Monday, September 10, 2012

Some observations on food names

I have decided that I'm a bit unsatisfied with the naming process of foods. Or more specifically, I have decided that I hate the word loaf when it doesn't apply to bread.

Loaf is a unique measure word. You can't say, "I bought one bread;" you have to say, "I bought one loaf of bread." It's just the way it works. Similarly, you can't say, "Pick me up a pound/jar/bottle of bread," because all bread begins its life as a loaf. A loaf is not made of bread; it is bread. All other forms are variations on or derivations from the loaf (e.g. crumbs, sticks, bowls). If it didn't come in a loaf, it's not bread, but it may be bready (e.g. biscotti, pie crusts, tortillas, cake).


This is why it's inappropriate to pretend that loaf is an acceptable word for any other food, because you're drawing attention to the fact that you took that food and squished it all around until it became a pulpy or gooey mass, and then you pressed it into a mold. The name meatloaf just screams, "Yeah, it's shaped like a lumpy box just like bread—but most of it is meat!" I like meatloaf and all, but every time I hear I'm having it, I expect to hate it.

Velveeta being sold by the loaf brings a similar grossed-out grimace. We already know that Velveeta is an offensive—though delicious—stain on the cheese category (I mean, how does it stay good on the shelf, and why does it get sudsy when you wash it off pots?). Do we really need to be reminded of its questionable origins on the front of the box? Can you imagine if hot dogs were called tubes of low-quality meat paste? I'm not even going to talk about pickle loaf. Google it if you haven't heard of it, and you'll know why.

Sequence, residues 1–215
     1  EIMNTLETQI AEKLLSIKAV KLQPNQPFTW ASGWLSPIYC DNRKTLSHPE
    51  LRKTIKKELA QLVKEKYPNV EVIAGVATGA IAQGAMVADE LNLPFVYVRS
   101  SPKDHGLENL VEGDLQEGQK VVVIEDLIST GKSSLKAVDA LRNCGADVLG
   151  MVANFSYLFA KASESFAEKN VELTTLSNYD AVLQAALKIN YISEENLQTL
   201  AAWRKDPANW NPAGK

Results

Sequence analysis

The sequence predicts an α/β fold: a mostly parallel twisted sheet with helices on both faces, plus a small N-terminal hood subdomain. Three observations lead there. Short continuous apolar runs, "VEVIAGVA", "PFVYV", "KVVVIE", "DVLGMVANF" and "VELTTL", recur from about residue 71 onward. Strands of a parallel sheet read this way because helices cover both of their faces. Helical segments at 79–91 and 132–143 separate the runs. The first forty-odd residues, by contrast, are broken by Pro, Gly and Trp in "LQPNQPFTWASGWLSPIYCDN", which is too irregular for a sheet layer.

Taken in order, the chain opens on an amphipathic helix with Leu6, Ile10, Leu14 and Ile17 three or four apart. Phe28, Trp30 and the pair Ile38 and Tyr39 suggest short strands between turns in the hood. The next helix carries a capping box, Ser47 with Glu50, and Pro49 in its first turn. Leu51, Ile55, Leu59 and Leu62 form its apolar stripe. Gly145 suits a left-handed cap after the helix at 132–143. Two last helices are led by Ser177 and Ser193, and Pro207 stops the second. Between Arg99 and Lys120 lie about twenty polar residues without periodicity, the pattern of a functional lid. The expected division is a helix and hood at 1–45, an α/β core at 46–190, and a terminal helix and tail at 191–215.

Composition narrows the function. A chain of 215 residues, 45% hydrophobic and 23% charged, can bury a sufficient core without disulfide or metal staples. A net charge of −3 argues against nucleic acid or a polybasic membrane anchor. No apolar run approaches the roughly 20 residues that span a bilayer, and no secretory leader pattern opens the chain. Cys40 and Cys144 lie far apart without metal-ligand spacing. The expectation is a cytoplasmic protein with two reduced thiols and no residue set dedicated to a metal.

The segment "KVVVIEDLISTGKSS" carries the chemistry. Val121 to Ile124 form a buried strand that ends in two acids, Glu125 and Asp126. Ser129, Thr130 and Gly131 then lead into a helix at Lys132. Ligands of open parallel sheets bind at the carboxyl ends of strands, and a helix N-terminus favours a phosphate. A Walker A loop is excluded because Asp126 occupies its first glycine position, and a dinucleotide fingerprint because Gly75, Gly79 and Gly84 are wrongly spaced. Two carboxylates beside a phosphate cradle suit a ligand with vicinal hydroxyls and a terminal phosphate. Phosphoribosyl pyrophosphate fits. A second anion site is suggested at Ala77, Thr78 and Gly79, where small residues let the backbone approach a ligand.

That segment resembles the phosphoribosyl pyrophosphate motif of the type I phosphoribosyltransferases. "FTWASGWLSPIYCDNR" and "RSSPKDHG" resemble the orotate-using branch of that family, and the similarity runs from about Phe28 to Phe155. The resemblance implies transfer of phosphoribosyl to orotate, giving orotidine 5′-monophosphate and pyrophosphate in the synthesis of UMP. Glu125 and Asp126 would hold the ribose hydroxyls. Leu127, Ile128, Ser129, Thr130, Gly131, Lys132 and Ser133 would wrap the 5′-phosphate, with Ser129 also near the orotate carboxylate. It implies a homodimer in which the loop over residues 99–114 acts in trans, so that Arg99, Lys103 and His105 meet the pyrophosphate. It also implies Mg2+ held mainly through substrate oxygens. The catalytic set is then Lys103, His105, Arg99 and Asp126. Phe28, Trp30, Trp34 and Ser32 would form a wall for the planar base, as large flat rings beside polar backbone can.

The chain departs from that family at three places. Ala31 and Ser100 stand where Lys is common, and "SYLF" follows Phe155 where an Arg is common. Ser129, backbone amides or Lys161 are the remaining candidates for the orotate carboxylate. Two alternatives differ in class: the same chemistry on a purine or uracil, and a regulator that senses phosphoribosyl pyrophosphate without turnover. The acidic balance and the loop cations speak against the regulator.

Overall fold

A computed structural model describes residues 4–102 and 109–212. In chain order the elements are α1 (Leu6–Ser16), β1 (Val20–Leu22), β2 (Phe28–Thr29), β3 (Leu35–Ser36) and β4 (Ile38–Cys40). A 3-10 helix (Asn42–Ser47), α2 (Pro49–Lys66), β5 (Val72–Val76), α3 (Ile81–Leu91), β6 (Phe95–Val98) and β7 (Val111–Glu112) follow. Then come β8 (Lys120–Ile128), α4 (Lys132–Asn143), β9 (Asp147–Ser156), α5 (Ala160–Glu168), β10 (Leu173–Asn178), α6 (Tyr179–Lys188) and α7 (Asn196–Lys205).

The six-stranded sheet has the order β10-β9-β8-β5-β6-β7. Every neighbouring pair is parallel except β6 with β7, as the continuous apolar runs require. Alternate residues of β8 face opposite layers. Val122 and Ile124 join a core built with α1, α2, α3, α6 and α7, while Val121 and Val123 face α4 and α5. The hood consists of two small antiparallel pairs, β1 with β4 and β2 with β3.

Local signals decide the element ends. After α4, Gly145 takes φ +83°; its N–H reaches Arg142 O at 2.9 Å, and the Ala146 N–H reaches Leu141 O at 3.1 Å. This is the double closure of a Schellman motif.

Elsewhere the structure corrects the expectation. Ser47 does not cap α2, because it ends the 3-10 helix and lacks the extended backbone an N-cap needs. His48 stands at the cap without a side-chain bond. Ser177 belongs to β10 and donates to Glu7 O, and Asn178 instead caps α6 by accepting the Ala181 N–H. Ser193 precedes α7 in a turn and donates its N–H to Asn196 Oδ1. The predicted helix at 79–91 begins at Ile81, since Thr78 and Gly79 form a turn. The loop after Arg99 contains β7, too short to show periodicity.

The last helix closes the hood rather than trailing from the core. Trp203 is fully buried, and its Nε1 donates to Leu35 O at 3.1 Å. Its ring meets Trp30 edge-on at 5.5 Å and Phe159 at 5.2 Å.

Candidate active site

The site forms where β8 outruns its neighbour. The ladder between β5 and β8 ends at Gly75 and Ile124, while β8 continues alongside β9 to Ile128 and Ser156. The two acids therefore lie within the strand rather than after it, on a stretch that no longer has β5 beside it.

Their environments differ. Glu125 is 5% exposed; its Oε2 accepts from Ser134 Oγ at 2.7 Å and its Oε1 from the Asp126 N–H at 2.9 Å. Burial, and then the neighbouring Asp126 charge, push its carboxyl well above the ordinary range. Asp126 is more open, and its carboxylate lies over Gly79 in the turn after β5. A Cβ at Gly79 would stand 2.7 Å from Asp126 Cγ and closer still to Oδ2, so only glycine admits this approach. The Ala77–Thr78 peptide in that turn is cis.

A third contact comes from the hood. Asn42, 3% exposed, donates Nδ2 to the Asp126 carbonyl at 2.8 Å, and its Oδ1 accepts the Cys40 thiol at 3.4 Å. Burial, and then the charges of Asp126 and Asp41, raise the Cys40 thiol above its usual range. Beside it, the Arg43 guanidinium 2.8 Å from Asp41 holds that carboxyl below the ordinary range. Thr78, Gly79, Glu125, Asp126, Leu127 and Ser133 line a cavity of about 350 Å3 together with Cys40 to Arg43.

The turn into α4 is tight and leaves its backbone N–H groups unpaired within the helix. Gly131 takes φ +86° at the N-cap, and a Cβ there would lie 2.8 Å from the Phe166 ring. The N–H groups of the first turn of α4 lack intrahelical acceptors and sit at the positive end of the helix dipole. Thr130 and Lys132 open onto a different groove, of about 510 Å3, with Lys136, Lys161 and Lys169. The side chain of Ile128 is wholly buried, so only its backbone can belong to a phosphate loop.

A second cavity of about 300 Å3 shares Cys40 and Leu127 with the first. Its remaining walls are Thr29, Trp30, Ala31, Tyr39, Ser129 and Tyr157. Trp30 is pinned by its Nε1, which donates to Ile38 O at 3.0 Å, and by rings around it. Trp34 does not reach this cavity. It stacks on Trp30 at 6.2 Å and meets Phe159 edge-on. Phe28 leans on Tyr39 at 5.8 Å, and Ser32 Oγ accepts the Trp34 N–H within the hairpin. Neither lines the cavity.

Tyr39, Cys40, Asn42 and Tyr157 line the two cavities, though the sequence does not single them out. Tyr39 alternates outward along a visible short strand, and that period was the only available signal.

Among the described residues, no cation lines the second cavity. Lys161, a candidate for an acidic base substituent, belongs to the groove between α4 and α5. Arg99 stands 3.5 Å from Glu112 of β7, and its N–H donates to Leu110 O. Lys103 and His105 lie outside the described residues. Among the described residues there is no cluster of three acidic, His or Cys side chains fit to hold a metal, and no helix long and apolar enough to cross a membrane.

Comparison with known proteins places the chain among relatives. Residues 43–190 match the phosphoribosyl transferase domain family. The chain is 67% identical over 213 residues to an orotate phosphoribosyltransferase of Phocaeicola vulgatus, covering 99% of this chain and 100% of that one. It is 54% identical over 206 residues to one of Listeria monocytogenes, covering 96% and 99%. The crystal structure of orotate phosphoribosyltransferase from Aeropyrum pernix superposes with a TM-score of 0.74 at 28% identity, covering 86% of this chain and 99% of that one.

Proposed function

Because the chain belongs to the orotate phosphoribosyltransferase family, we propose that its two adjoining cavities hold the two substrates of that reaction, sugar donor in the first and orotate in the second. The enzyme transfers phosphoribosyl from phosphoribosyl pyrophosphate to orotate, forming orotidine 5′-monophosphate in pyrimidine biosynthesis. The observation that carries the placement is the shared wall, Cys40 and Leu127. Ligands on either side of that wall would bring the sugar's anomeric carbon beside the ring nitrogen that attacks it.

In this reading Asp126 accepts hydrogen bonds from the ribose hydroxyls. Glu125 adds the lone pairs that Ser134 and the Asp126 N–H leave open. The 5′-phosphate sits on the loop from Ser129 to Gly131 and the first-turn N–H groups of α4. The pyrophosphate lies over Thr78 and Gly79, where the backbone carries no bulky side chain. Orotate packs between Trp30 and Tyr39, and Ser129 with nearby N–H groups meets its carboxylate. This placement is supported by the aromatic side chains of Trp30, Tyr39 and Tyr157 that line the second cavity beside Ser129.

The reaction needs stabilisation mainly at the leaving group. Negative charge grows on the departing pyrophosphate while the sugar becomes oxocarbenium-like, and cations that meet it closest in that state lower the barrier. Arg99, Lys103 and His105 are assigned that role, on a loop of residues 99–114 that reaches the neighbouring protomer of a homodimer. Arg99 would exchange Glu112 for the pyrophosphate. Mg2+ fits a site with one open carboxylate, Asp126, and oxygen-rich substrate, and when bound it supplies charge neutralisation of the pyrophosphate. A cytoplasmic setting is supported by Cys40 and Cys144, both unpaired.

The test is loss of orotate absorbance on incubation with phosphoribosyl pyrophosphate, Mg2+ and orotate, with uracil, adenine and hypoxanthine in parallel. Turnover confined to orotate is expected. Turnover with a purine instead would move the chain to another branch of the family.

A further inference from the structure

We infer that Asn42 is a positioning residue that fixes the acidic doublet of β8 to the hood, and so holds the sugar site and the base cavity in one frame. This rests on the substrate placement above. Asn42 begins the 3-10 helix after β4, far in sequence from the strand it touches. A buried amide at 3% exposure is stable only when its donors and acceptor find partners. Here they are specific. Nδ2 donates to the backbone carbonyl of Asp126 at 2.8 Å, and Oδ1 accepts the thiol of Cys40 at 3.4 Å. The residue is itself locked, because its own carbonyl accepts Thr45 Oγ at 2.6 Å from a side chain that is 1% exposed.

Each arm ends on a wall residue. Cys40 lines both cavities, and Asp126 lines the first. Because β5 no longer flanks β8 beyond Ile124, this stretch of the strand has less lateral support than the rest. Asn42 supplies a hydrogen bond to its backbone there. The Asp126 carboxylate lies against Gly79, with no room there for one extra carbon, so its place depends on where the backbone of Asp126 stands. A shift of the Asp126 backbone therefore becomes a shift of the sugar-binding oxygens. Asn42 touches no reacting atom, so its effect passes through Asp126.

Decide for yourself—how appetizing do the following dishes sound: cornloaf, hamheap, or turkeylump? 


My younger sister Joanna and I endeavored to rename meatloaf into a tastier-sounding dish, but we didn't come up with anything good. I think the trick lies not in describing it, but in attributing it to a place that it didn't come from. Think of all the foods this has made sound fancy: Spanish rice, Belgian waffles, French toast, Canadian bacon, Santa Fe stew, Italian dressing, Long Island iced tea, Mexican ice cream, baked Alaska, Turkish delight, moon pies? The possibilities are endless!

But I'm stuck: what exotic-sounding place should we attribute to meatloaf, and what should the full name of the dish be so we don't end with a equally disgusting name like Minnesota meat brick?


  1. Malaysian Meat Mass. Nope, still can't find anything acceptable--Joanna

  2. I am seriously laughing out loud! TOO StINKin' hilarious!


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